8-4: I know you’re just kidding but I definitely wouldn’t call being a game critic lowly! It serves a really important function to people without the time and access to games (like me, now!).
But to answer your question, I’d say the biggest adjustment is getting used to getting more deeply involved with fewer games. Whereas before I might have spent a few weeks with a game at the most if I was doing a cover story on it, I might now spend an entire year on the same one title to localize it. So there’s less variety, but of course you have more control over the final product.
Q: Of all the positions you’ve held, which do you find the most challenging?
8-4: Sorry for the lame answer here, but all of them were challenging in their own ways. I will say some of the challenges editing games are the same as in my old jobs in the gaming press, though, such as trying to say something substantial and (hopefully) entertaining in a limited amount of space. Or knowing, where, commas and different types—of punctuation would work best.
Q: Want to come work part-time for DigitalChumps? We’re hiring, but we don’t pay anything. 😉 You do get a wicked cool T-shirt though, and an email address.
8-4: Sure! I hereby volunteer to write your reviews for any and all games that 8-4 works on. In fact, I can just give it to you right here: “Amazing game, best localization ever, will play again and again. How does 8-4 do it? Verdict: 14 stars out of 5.” …Now where’s my T-shirt?
Q: Rich, you’ve overseen a ton of localizations to date. What would you say was the most difficult of all?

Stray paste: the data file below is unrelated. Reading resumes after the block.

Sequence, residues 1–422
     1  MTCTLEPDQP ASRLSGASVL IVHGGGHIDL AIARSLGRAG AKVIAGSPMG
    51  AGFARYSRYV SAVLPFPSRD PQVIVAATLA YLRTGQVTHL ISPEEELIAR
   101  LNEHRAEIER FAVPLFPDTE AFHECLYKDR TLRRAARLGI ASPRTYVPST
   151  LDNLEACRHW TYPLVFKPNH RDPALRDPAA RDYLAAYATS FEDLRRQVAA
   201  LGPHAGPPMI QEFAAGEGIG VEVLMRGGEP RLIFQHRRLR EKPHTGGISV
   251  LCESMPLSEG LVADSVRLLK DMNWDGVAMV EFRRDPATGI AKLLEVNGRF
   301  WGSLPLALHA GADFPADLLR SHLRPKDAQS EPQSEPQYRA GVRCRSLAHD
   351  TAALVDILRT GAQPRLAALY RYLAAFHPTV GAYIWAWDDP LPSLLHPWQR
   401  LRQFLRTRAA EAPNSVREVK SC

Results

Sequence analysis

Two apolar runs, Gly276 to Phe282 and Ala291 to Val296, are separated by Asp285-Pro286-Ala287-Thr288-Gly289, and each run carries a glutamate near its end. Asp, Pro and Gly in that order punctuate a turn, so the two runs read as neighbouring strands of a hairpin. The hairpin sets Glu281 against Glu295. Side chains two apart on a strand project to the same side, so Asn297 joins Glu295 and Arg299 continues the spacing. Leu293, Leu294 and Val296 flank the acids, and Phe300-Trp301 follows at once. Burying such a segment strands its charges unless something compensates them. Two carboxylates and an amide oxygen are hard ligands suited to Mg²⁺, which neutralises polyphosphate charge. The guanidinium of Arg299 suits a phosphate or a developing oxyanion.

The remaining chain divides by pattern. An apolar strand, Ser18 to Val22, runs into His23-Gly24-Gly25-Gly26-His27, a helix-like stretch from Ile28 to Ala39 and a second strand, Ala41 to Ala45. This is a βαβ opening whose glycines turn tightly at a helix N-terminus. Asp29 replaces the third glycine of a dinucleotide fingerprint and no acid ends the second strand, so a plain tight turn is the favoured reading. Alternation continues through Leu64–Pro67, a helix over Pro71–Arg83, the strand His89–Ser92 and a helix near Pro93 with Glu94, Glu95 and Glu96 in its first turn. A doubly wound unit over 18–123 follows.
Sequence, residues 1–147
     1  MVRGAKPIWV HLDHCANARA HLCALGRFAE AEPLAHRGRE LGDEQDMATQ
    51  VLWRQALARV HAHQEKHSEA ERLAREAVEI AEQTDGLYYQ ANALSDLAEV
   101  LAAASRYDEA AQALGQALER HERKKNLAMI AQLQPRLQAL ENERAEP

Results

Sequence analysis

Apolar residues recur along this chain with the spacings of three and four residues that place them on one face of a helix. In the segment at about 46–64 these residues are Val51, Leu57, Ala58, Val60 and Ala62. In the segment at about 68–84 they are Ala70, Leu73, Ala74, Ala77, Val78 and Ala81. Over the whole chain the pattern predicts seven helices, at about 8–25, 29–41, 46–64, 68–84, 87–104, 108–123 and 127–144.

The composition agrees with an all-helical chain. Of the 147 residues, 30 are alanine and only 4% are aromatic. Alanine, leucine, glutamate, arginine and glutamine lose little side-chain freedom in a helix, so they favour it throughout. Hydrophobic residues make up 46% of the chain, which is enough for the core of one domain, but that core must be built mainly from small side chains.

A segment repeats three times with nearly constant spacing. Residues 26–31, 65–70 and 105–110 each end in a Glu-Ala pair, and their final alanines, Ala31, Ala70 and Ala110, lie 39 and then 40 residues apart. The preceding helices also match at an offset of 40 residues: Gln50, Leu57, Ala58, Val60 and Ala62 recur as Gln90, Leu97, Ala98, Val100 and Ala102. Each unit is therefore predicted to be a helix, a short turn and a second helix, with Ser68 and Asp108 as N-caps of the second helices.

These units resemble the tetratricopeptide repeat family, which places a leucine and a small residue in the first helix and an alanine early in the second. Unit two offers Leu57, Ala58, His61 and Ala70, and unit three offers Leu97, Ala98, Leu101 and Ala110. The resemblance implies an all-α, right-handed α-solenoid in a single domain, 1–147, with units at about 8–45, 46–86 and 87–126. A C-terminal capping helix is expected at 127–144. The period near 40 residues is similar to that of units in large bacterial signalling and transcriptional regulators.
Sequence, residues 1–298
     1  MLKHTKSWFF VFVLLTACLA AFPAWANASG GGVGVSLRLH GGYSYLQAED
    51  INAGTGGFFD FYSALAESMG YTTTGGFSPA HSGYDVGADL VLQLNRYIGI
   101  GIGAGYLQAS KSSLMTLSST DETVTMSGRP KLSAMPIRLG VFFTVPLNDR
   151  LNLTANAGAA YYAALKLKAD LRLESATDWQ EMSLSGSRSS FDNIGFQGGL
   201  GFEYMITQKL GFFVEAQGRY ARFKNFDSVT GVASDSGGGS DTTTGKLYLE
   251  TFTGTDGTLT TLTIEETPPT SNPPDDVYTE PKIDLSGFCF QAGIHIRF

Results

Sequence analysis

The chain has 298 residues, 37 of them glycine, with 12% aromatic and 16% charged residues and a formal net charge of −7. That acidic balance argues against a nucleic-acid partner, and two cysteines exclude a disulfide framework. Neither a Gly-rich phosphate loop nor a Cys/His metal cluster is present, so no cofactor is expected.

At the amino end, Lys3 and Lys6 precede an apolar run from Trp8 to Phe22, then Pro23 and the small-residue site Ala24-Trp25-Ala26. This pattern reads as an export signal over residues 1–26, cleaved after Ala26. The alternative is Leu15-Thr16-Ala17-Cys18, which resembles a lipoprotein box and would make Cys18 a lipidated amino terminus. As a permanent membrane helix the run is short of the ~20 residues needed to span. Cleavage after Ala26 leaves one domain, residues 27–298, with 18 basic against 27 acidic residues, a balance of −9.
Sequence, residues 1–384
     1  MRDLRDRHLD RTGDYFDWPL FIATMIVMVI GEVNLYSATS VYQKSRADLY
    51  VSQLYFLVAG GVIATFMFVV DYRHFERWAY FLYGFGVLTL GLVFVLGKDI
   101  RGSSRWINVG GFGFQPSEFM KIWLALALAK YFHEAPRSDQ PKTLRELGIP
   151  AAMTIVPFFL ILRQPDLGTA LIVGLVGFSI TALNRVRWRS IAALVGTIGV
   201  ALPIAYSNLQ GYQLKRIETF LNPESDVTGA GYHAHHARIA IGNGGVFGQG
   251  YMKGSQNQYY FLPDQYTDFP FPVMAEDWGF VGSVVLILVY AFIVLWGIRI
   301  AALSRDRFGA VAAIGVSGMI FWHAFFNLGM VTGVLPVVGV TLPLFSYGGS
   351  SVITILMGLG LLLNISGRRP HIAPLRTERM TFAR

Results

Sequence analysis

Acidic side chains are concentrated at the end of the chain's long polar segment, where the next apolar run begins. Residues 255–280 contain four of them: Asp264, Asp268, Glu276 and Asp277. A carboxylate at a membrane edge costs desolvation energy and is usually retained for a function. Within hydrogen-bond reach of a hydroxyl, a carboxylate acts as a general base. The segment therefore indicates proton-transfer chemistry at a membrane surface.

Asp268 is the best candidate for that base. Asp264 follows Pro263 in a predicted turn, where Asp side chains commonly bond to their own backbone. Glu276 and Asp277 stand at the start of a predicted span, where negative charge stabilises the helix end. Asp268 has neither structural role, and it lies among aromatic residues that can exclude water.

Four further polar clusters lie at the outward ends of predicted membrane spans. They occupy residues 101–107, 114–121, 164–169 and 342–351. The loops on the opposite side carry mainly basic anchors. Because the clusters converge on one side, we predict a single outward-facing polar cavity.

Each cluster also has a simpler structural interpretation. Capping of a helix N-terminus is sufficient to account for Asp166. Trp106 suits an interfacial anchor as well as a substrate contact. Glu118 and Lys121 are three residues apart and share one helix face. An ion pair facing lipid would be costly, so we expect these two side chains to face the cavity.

Animal Crossing remains the most challenging, from a creative standpoint… I’m sure you could google up a dozen interviews with Treehouse staffers who worked on these games, so I might be repeating myself, but Animal Crossing had a fantastically elaborate text system. Conversations could jump from one topic to another depending on what you were wearing, who you were talking to, what time of day or year it was, what the weather was. Accounting for all of that to write a conversation that made sense took a lot of work. And then, as more iterations of the game came out, we had more writers and translators on the project, so maintaining voice consistency became a lot of work.
But I say that was a difficult game because we all love the series so much—we work our tails off to make the text fun and to reward the player for stopping to read the dialogue. It takes a lot of thought and a lot of attention to detail. By the time you’re done localizing a game like that, your eyes are bleeding and your fingers have been worn down to little nubs, but you’re still giggling to yourself because you’ve just found a pure vein of comedy gold one of your peers tucked away somewhere. Seeing what the game brings out in the translators and the other writers is such a huge payoff for me.
Q: Last one, for both of you! Personal favorite jRPG of all time?
8-4: Oh, tough one. I’m still a sucker for some of the first games that really got me into the genre, so I’ll say Final Fantasy V for gameplay, or Final Fantasy VII as an all-around package. John’s favorite (John Ricciardi, who oversaw the GoH localization here at 8-4) is Dragon Quest V or Dragon Quest III. He’s a big DQ nerd, if you didn’t already know.
First and foremost, I deeply love the Golden Sun series. Oh, and dude, this is totally self-serving, but Vagrant Story, absolutely. (Wait, those are both self-serving answers…)If not Vagrant, thennnn… Panzer Dragoon Saga, really. I got into jRPGs a little late, so I think my first real jRPG was Lunar: Silver Star Story Complete. I have a deep, unsettling love for that game. I know, you wanted my favorite, and instead, you got a list—but it’s hard to pick just one.